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  • #Communicate
  • #CrownShyness
  • #MycorrhizalNetwork
  • #Trees
  • #WoodWideWeb

image: @ courtesy of Pongpawan Sethanant /

1 April 2020 By TCHAI

TCHI Magazine #4: The real branching out

We all use the World Wide Web to branch out. To gain knowledge, share information, connect to others, donate to people in need and learn what we need to do in case of an impending emergency. The internet has changed the way we think of ourselves, our communities and connectivity. And it seems pretty impressive.

However, the World Wide Web fades in comparison to something known as the Wood Wide Web:the intricate, massively expansive underground network that connects trees.

The Wood Wide Web is a mycorrhizal network: a network of fungi connected to the roots of trees which web endlessly to other trees. It transfers water, carbon, nitrogen and other nutrients and minerals. It’s a way for trees to communicate across great distances. They sense a personal space and share knowledge and information, for example; when a tree is experiencing drought or the attack of a pest, other trees respond. In the case of drought, trees who do have access to water will send it to the tree without. In case of a pest, the other trees will send chemicals to their leaves which will make them less tasty for the pests to eat.
Higher trees who are able to photosynthesise more will feed sugars into the network which are shuttled to the roots of seedlings who stand in their shadows and cannot photosynthesise enough themselves.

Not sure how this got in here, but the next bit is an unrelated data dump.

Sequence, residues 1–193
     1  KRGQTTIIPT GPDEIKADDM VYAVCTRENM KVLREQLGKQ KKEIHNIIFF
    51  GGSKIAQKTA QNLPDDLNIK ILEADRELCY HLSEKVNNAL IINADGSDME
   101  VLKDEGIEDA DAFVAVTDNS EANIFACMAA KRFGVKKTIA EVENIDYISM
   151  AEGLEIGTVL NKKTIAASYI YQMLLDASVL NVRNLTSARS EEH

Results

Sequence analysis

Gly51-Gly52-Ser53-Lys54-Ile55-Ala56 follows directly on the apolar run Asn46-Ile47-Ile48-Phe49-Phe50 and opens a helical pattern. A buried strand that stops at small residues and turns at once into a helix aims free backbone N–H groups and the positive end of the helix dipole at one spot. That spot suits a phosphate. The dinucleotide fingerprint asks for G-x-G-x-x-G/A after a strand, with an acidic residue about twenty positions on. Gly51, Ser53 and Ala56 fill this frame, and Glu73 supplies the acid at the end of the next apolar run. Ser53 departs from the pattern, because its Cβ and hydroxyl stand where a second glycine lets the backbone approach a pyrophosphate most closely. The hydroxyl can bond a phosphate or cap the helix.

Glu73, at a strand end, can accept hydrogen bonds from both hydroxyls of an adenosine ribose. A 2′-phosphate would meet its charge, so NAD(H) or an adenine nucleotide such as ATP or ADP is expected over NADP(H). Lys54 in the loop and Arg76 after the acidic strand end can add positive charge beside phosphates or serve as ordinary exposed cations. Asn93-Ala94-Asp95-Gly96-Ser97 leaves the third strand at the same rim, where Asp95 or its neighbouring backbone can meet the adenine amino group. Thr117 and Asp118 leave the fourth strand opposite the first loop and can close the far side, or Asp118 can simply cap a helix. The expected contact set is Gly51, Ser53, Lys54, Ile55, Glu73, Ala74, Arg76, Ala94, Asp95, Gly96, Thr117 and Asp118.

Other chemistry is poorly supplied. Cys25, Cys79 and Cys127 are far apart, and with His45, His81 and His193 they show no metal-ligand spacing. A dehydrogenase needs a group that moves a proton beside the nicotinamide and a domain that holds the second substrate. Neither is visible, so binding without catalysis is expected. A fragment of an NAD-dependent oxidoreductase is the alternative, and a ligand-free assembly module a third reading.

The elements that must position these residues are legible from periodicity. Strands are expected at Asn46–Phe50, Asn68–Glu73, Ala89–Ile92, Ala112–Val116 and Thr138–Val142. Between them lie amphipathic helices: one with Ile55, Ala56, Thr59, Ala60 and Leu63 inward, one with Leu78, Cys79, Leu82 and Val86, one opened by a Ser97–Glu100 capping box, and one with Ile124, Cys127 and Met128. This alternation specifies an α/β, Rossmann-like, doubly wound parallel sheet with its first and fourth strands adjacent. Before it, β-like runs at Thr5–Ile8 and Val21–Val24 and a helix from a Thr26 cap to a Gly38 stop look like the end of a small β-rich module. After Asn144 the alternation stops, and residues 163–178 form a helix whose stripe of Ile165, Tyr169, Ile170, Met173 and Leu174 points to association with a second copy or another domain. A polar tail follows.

But our friendly giants are as caring as they are cunning. Beech and Oak trees will communicate about lean and fat years. Together, they decide on a couple of lean years, starving the swine and deer that eat their nuts. Once the lean years have resulted in a smaller population of these animals, they will have fat years in which they’ll produce and drop so many nuts that the chances of some of them surviving and taking root are much higher.

“A sense of personal space…”

On top of all this, trees also display a sense of personal space. Crown shyness is a phenomenon in some tree species where the uppermost branches in a canopy avoid touching each other. If you look up, you’ll see the spaces between crowns snaking like rivers.

The knowledge about the Wood Wide Web is only just unfolding. But we’re hopeful that, as knowledge grows, a love for trees will take root in many.



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